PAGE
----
Creighton Fraker. Jennifer describes him as “downtown New York but also Midwest.” So, like, very tall but also short? All the way to the right but also all the way to the left? I describe him as Sam Harris but also Sam Harris. He makes exactly the kinds of noises I least like to hear, but his story is pretty touching: he was adopted as a toddler by a loving but stoic preacher’s family, and never knew where his proclivity for shouting came from. And then one day he found his birth father, who is the lead singer for heavy-metal band Flotsam and Jetsam. When we finish up here, I recommend that you check out their Wikipedia page, because I am about to option the shit out of it. Creighton is through.

Lauren Gray. Remember her? The wedding singer from the St. Louis auditions? Who we haven’t really seen since? She started strong but kind of lost her way in the last few rounds. Her final Vegas performance was so lackluster, all I could notice was the tube dress. (When you are backlit, no bare shoulders. That’s a fashion tip from someone who is currently wearing pajama bottoms and Sanuk slippers.) She will not be moving on to the top 24, and they come right out and ask her if she’ll try again, which she declines because she is a very young person who has just been cruelly disappointed in front of a camera crew and three billionaires. She handles herself well, considering. Oh, she’ll be back.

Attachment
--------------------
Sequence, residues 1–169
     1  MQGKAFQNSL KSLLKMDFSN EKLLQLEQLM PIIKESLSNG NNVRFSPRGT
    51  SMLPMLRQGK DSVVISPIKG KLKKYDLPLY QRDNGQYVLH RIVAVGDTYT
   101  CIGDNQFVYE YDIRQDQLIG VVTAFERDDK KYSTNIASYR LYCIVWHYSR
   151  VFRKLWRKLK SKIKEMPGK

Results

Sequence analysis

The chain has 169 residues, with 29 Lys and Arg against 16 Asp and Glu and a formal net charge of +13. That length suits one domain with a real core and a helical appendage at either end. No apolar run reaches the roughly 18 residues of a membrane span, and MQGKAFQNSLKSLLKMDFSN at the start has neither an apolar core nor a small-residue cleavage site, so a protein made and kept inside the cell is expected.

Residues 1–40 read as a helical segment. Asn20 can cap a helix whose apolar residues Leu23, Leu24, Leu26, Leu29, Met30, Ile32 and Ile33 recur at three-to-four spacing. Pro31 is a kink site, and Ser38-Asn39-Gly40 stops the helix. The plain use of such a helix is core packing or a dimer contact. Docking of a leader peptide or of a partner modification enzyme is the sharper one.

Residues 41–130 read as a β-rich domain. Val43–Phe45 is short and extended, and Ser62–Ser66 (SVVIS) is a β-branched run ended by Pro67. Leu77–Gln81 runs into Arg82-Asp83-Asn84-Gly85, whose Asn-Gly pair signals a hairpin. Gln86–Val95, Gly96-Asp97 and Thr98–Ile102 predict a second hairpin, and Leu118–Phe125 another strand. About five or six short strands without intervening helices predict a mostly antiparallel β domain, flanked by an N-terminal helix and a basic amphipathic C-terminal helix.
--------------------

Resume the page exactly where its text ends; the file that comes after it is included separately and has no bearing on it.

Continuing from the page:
Joshua Lidet. He is the Sienna Miller of this show, in that he is everywhere, and every time I see him, I think to myself, “who is this person I am seeing for the first time?” In fact, even looking at him and seeing his name on the screen, I have started to type JEREMY. Joshua is not a bit subtle; if he and Creighton ever do a duet, your speakers will hold out for a raise before they play it for you. But these judges love that kind of thing, so he is through to the top 24. I don’t see him getting far, and I am almost always wrong about this kind of thing.